What Should I do If My Business is Audited?
The IRS audits only a small percentage of tax returns, but if your business is one of the unlucky few, understanding the appropriate steps to take will help determine whether the outcome is favorable.
Before we jump into how to best approach an audit, here are a few things that make your return more likely to be audited:
- DIF scoring — Returns filed at the IRS are assigned a computerized score, a discriminant index function, or DIF, score. The higher the score, the more likely the return will be selected for examination. Are your deductions greater than your reported income? This just one thing that can increase your DIF score.
- Examination referrals — Audits of a related party can trigger an audit. An agent may discover payments that were reported by one company, but not by yours. Not seeing that income on your return will trigger the agent to request an audit of your company.
- Document matching — The IRS matches income reported on 1099 or W-2 forms to the payee’s individual tax return to ensure income is reported.
So then, what are some strategies for a small business to favorably dispute an IRS audit?
- Try to maintain control of the audit. If this your first time dealing with an audit this may be difficult, but it is essential to a favorable outcome. The auditor will likely ask probing questions about your lifestyle and your business. You must do everything you can to make sure the audit remains in territory that you feel comfortable defending. Like any business, yours probably has expenses that are harder to substantiate, or positions that are more tenuous. Often if you can show that you took painstaking care in certain areas, the IRS will not examine everything. Therefore it is to your advantage to keep the audit focused on the parts of your business that you can most easily substantiate.
- The second strategy aids in accomplishing the first: talk to the IRS as little as you possibly can. The more you say to the IRS, the more ammunition they have to use against you. If you let slip that you loosely accounted for cash transfers, you can bet that is where they will look next. This is why it is often beneficial to hire a professional to represent you in an audit. The professional can more easily avoid letting details about the business come out in negotiation. If you do hire a professional, let them do all of the talking. The worst thing you can do is hire a professional and then communicate with the IRS anyway.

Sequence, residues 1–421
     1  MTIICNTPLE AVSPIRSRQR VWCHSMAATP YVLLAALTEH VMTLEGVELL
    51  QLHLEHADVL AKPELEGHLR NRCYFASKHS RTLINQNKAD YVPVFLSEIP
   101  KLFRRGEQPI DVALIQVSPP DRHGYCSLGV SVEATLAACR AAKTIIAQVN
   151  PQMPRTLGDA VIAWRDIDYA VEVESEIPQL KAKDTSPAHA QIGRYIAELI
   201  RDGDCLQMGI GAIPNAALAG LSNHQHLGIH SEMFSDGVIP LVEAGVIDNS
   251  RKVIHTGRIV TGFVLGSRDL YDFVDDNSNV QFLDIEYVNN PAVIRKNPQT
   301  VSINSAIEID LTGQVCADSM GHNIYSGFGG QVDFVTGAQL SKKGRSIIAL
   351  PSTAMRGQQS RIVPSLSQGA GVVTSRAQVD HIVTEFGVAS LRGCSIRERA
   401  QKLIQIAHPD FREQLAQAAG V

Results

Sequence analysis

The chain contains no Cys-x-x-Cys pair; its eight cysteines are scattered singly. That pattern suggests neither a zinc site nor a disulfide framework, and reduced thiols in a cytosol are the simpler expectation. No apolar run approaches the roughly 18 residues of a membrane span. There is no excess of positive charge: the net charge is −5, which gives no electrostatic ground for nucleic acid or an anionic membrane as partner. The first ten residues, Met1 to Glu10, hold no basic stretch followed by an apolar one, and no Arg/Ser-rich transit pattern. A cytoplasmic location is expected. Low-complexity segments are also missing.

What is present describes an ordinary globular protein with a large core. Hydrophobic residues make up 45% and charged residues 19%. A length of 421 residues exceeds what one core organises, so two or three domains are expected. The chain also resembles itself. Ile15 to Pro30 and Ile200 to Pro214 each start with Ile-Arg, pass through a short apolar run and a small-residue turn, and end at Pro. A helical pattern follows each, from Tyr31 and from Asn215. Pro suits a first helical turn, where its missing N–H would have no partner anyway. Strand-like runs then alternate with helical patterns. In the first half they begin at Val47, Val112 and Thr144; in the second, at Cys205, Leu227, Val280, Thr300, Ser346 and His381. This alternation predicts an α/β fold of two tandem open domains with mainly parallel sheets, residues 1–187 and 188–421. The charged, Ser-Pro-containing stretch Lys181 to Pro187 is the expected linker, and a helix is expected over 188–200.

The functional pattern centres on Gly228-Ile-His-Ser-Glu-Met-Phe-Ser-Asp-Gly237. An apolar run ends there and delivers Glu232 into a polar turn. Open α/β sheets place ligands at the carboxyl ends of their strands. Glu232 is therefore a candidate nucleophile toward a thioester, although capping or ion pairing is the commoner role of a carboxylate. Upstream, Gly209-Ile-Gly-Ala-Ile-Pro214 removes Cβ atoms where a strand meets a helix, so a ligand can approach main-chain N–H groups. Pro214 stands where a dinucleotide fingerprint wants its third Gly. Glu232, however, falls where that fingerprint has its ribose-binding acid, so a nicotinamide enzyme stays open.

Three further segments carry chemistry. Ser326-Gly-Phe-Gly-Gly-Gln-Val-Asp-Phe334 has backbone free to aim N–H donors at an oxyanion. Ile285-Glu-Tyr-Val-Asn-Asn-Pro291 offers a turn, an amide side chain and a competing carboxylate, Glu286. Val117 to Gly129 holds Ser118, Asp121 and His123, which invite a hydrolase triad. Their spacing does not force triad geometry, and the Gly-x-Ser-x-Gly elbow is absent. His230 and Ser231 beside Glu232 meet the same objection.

- Claim missed deductions. An audit is a great time to submit documentation for expenses not previously claimed on the tax return. If you discover you’ve overlooked some deductions, you may be able to claim them. Many taxpayers overlook common deductions — home office expenses and business mileage, for instance. On a personal tax return, taxpayers often don’t deduct charitable contributions or mileage related to charity and medical expenses. This may mean paying more than required. Review your return under audit. Have an accountant look at it with you. Your business can deduct ordinary and necessary expenses spent to carry out your trade or activity. Use this time to submit documentation for overlooked deductions to reduce your liability or to possibly generate an overpayment of taxes that can offset any deficiencies found by the IRS.
- Dispute the hobby loss theory. One red flag that may result in an audit is if your business has lost money a few years in a row. If this is the case, the IRS may claim that your business is a hobby and you are not in it to actually make a profit. According to Internal Revenue Code Section 183, deductions are limited when an activity is not engaged in for profit. This is known as the hobby loss rule. If business losses have been disallowed because of the hobby loss rule, it is essential to prove your business profitability strategy. For example, did the business implement advertising and marketing campaigns? Also, can you show prior success by providing evidence that the business had profitable years in the past?
- Be creative in substantiating deductions. All is not lost if you don’t have all documents to justify your expenses. The IRS allows for third-party documentation, oral testimony and other forms of corroborating expenses. For example, to support business mileage reported on your tax return, consider using Google maps, clients’ records and past invoices to estimate mileage traveled during the taxable year in question.Take time to retrieve prior bank records or credit card statements. Make contact with vendors requesting proof of payment.
If you believe you have a substantial amount to lose in the audit, one of the best things you can do is hire a professional to help you. In this way, you completely remove yourself, your emotions and your fears from the equation.< Back to previous page Tax Resolution >